2. CASE LAW INVOLVING SHORT-TERM RENTAL REAL ESTATE

Likewise, the three commentators did not address any of the longstanding string of cases where the United States Tax Court focused on the short-term rental of real estate. These cases show that far from being unusual, errant, or rulings of first impression, the two Bailey cases were simply two in a long series of unwavering opinions.

Specifically, the judicial history shows that the court has consistently held that efforts associated with short-term rental property are not a rental activity under [section] 469(j)(8), subject to the passive activity loss rules for rental real estate in [section] 469(c)(2). As explained below, the court has ruled, without exception, that such ventures are an active trade or business under [section] 162 or [section] 212, subject to the passive activity loss rules of [section] 469(c)(1). The implication is that in the court's view, the characterization prevents taxpayers from using short-term rental real estate to qualify for the real estate professional exception of [section] 469(c)(7)(B) because the taxpayers are not involved in a real property trade or business.

Below is a summary of those cases, separated into two subcategories: before and after application of the real estate professional exception.

a. Cases Involving Short-Term Rentals Before Application of the Real Estate Professional Exception

The first set of cases is interrelated as follows. They represent all the cases that the author could find on the issue of passive activity losses as applied to short-term rental properties for tax years 1986 through 1993. (88) Those were the years from the enactment of the original passive activity loss rules until the effective date of the real estate professional exception.

Notwithstanding the dates, the importance of these cases is their illustration that since the inception of the passive activity loss rules in 1986, the court has consistently applied the seven-day rule of [section] 1.469-lT(e)(3)(ii)(A), Temporary Income Tax Regs., 53 Fed. Reg. 5702 (Feb. 25, 1988). Under this application, the court has ruled without exception that short-term rentals are not subject to the rental real estate provisions of [section] 469(c)(2). Instead the court has held that short-term rentals are subject to the passive activity loss restrictions of [section] 469(c)(1). Below is language from the most recent of the cases, which is similar to language across all the opinions:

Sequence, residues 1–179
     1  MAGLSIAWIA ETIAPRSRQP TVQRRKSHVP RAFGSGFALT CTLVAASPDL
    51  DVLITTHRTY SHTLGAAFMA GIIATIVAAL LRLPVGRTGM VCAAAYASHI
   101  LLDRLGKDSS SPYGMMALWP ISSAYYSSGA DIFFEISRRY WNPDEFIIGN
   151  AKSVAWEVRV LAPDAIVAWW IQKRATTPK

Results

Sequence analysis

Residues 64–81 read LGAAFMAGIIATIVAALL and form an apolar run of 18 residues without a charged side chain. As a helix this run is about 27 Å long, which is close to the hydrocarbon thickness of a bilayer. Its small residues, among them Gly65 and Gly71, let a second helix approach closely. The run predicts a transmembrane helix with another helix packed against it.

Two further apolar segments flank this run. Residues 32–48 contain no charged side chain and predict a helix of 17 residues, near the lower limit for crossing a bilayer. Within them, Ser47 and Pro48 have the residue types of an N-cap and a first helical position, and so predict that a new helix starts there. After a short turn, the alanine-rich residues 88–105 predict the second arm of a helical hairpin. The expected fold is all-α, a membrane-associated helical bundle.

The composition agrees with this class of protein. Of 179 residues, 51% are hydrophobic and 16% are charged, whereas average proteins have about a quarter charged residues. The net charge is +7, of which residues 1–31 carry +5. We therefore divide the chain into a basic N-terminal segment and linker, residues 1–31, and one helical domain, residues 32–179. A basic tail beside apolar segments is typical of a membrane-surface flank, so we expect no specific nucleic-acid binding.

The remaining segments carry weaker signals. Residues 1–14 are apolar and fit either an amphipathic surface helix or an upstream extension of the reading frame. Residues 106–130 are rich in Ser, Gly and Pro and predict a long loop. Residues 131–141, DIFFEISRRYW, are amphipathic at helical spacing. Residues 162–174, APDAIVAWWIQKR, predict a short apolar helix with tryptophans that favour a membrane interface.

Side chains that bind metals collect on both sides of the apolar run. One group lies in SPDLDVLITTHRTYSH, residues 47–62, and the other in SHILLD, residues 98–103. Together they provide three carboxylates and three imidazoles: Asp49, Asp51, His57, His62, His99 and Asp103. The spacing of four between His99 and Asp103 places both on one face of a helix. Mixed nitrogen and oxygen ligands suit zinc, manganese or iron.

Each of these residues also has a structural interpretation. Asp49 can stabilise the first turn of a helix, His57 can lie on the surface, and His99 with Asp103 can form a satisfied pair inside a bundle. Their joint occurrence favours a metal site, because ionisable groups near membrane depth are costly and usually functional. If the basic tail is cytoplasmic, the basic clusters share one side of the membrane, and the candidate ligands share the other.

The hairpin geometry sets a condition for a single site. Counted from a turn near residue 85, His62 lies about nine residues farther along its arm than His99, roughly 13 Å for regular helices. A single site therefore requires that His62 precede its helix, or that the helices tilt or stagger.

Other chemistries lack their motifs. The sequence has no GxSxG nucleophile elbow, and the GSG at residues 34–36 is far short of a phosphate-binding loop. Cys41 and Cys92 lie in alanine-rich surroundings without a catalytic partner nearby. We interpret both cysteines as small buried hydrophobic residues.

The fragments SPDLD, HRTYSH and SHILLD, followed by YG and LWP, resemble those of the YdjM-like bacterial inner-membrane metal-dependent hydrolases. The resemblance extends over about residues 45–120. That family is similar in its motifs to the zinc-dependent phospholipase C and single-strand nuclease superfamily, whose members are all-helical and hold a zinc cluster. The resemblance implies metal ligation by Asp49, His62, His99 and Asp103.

A passive activity is any activity involving the conduct of a
   trade or business in which the taxpayer does not materially
   participate. As a general rule, any "rental activity" is passive
   whether or not the taxpayer materially participates in the
   activity. Under the regulations, the definition of rental
   activity does not include an activity with respect to which the
   average period of customer use of the property is 7 days or
   less. (89)


Consequently, the significance of this first set of cases is that since 1986, the court has consistently separated the treatment of short-term rental real estate from the treatment of long-term rental real estate. Short-term rental properties fall under the jurisdiction of [section] 469(c)(1), which as the court noted above makes them a trade or business under [section] 162 or [section] 212. In contrast, rentals of long-term properties fall under the jurisdiction of [section] 469(c)(2).

As stated repeatedly in this Article, the significance of the disparate treatment is that under [section] 469(c)(1), taxpayers could deduct their passive losses if they established that they were material participants. Section 469(c)(2), on the other hand, provided no such outlet. Accordingly, that is why Congress later discovered that the law needed a separate exception for real estate professionals under [section] 469(c)(7).

b. Cases Involving Short-term Rentals After Enactment of the Real Estate Professional Exception

One could theorize that the enactment of the real estate professional exception, effective beginning in 1994, changed the rules of the game. This second set of cases, however, shows that post-enactment, the court has remained just as emphatic on the implication of short-term rentals.

These cases all involved situations where the taxpayers concurrently operated a mix of short-term and long-term rental properties and petitioned the court for relief as a real estate professional, which the Commissioner had disallowed. (90) Below is a summary of each case, again listed by most recent publication date first.

i. Hoskins v. Commissioner (91)

The taxpayers in Hoskins owned four properties in Ohio and six properties in Florida. (92) In 2006, one of the Florida properties was short-term rental property, rented to customers for average periods that did not exceed seven days; in 2007, two of the Florida properties were short-term. (93)